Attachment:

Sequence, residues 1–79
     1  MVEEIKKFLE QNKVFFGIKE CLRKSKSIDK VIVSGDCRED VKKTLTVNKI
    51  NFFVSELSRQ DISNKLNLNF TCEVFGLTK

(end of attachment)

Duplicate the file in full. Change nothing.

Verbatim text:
Sequence, residues 1–79
     1  MVEEIKKFLE QNKVFFGIKE CLRKSKSIDK VIVSGDCRED VKKTLTVNKI
    51  NFFVSELSRQ DISNKLNLNF TCEVFGLTK